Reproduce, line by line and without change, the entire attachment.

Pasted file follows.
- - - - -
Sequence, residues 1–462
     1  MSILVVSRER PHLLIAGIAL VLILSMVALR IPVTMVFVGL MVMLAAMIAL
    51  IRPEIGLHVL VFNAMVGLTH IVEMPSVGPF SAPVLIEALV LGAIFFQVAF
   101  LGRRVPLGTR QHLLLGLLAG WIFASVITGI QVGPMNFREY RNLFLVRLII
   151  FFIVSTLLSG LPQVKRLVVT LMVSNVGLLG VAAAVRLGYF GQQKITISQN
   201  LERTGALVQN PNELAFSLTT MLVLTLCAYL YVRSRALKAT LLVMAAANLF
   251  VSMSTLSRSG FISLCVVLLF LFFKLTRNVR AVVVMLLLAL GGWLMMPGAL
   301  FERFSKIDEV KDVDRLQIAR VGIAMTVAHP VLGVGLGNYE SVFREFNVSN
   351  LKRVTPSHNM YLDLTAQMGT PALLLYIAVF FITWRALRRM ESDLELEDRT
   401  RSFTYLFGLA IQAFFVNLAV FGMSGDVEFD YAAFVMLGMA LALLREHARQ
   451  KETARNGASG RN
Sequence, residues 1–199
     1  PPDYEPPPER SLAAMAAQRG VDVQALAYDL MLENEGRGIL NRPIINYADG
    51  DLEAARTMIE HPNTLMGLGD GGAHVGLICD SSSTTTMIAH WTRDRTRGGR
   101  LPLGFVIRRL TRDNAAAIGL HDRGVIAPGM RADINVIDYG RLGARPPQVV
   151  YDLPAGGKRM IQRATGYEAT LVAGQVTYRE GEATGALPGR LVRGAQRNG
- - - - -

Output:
Sequence, residues 1–462
     1  MSILVVSRER PHLLIAGIAL VLILSMVALR IPVTMVFVGL MVMLAAMIAL
    51  IRPEIGLHVL VFNAMVGLTH IVEMPSVGPF SAPVLIEALV LGAIFFQVAF
   101  LGRRVPLGTR QHLLLGLLAG WIFASVITGI QVGPMNFREY RNLFLVRLII
   151  FFIVSTLLSG LPQVKRLVVT LMVSNVGLLG VAAAVRLGYF GQQKITISQN
   201  LERTGALVQN PNELAFSLTT MLVLTLCAYL YVRSRALKAT LLVMAAANLF
   251  VSMSTLSRSG FISLCVVLLF LFFKLTRNVR AVVVMLLLAL GGWLMMPGAL
   301  FERFSKIDEV KDVDRLQIAR VGIAMTVAHP VLGVGLGNYE SVFREFNVSN
   351  LKRVTPSHNM YLDLTAQMGT PALLLYIAVF FITWRALRRM ESDLELEDRT
   401  RSFTYLFGLA IQAFFVNLAV FGMSGDVEFD YAAFVMLGMA LALLREHARQ
   451  KETARNGASG RN
Sequence, residues 1–199
     1  PPDYEPPPER SLAAMAAQRG VDVQALAYDL MLENEGRGIL NRPIINYADG
    51  DLEAARTMIE HPNTLMGLGD GGAHVGLICD SSSTTTMIAH WTRDRTRGGR
   101  LPLGFVIRRL TRDNAAAIGL HDRGVIAPGM RADINVIDYG RLGARPPQVV
   151  YDLPAGGKRM IQRATGYEAT LVAGQVTYRE GEATGALPGR LVRGAQRNG